Rezoning Enhances the Changes Already Coming to Manhattan's Northern End
Tom Acitelli reports from the neighborhood of Inwood in Manhattan, where planners recently completed a rezoning in line with other processes completed during the tenure of the de Blasio administration.
"The neighborhood at Manhattan's northernmost tip is often described as the borough's last truly affordable one. Fears that the rezoning—part of Mayor Bill de Blasio's pledge to create or preserve 300,000 affordable-housing units by 2026—would spur market-rate development and thus displace longtime residents had dogged the proposal," according to Acitelli.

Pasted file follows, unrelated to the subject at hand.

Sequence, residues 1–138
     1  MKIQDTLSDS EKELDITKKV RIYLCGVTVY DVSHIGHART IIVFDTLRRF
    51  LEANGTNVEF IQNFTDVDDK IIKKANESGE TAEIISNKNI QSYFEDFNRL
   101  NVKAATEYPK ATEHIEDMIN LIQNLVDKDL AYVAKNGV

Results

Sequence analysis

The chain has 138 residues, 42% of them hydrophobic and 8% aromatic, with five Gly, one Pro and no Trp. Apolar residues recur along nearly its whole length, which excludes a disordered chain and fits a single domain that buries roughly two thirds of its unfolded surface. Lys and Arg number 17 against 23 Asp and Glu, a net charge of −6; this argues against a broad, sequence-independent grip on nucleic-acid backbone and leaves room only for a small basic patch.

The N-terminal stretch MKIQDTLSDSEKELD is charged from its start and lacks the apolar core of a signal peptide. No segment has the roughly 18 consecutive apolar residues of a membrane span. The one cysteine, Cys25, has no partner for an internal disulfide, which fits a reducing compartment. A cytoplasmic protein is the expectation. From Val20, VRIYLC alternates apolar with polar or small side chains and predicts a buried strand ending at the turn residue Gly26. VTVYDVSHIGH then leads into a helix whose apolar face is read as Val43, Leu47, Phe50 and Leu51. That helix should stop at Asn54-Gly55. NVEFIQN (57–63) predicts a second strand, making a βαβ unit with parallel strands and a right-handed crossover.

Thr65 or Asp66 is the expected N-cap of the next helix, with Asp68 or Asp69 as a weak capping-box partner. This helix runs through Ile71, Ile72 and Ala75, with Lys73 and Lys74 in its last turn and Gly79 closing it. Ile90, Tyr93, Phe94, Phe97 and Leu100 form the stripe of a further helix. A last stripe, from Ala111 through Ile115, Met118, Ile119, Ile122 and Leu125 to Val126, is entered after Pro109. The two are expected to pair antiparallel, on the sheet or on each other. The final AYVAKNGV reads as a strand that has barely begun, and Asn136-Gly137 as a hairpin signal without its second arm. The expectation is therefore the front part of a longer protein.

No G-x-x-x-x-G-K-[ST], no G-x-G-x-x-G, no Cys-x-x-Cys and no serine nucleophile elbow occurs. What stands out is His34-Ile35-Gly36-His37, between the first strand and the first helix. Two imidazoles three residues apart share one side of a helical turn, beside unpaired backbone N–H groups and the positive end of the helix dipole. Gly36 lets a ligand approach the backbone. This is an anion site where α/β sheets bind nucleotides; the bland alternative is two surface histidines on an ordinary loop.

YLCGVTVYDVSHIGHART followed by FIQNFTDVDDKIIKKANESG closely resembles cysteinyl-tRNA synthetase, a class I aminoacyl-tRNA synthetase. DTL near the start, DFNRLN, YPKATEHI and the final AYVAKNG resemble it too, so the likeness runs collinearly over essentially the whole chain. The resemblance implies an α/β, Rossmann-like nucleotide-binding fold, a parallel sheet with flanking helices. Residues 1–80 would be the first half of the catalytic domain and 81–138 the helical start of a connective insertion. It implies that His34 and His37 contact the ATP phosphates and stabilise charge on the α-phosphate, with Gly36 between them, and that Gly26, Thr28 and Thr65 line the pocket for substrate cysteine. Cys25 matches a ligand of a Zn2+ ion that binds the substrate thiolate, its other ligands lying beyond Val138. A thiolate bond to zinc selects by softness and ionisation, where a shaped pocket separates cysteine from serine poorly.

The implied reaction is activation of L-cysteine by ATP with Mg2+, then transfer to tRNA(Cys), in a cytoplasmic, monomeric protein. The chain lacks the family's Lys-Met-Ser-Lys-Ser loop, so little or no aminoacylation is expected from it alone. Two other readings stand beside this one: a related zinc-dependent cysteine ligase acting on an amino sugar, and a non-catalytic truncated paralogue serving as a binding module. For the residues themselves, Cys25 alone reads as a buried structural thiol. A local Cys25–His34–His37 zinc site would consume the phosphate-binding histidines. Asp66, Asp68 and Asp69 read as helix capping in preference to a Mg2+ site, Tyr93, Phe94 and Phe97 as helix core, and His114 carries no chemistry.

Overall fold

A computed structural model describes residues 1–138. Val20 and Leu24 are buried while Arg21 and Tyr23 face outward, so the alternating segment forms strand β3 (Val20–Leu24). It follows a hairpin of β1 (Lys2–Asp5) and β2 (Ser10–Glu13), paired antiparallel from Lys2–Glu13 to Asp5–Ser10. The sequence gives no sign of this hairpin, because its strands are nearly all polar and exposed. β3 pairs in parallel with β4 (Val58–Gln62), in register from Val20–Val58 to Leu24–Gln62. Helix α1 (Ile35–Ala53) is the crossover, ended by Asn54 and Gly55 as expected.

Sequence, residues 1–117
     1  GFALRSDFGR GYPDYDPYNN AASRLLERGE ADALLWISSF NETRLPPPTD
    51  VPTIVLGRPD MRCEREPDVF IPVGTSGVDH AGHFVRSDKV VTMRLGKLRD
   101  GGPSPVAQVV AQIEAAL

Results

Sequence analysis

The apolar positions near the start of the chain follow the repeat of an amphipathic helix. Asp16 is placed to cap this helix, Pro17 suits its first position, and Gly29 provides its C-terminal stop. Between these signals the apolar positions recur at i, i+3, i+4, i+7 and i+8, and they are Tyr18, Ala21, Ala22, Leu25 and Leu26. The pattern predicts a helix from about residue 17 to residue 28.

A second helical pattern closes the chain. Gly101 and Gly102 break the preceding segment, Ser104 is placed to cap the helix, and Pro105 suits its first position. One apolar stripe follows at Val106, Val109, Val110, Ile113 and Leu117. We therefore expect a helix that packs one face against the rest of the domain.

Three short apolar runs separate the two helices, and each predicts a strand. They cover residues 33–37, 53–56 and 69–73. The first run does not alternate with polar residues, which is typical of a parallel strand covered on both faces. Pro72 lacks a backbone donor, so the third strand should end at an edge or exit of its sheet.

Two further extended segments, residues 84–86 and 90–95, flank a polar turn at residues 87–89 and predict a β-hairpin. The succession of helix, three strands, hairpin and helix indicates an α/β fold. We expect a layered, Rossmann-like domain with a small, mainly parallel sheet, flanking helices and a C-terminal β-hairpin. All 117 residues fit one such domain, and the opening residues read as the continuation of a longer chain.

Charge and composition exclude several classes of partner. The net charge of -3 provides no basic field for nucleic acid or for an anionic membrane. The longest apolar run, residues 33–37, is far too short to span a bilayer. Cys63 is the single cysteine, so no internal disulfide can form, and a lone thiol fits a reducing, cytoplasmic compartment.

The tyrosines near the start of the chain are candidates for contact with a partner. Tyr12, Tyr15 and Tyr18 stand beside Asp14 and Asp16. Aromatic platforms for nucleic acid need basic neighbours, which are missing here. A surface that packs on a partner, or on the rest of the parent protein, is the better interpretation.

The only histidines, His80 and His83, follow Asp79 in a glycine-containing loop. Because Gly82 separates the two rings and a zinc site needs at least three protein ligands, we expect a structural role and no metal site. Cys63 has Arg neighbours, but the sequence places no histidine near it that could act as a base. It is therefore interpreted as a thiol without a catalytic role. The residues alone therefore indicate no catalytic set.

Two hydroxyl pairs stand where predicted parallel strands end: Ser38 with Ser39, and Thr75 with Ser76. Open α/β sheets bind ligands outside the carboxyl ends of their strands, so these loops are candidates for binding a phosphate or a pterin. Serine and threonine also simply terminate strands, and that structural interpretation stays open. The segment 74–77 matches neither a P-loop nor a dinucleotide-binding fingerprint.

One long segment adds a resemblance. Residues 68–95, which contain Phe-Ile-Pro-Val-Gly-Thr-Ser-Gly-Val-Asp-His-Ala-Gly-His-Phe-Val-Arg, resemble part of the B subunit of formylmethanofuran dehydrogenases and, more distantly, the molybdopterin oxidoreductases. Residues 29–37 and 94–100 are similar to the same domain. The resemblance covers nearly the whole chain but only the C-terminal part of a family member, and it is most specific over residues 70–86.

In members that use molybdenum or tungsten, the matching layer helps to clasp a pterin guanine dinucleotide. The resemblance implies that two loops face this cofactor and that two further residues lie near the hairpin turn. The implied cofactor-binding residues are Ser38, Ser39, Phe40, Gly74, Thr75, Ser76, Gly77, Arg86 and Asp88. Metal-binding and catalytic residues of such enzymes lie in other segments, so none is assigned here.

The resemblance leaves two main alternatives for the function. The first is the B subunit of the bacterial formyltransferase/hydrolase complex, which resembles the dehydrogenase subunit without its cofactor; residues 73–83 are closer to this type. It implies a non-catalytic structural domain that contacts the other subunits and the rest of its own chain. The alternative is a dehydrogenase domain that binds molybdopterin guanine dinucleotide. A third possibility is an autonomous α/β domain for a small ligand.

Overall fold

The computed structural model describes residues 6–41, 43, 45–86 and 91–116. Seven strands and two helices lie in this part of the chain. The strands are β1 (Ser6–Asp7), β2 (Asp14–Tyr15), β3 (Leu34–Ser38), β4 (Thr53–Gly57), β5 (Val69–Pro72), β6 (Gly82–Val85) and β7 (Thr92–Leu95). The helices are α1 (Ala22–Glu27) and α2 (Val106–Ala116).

And, yes, the Inwood rezoning was controversial, like other rezonings in recent years: "When the bill finally passed Aug. 8, demonstrators inside City Hall tossed Monopoly money at legislators."
According to one main point of the article, however, Inwood has seen an influx of development investment in recent years, so the rezoning is the only the latest of changes coming to the neighborhood. With the rezoning, that development will occur with the city's Mandatory Inclusionary Housing rules in place, and with plans to add 1,600 affordable units on city-owned site. Substantial public investments are also included: "Two new waterfront parks—plus better connectivity between the neighborhood and its waterways—and several safety upgrades for streets are baked in the plan."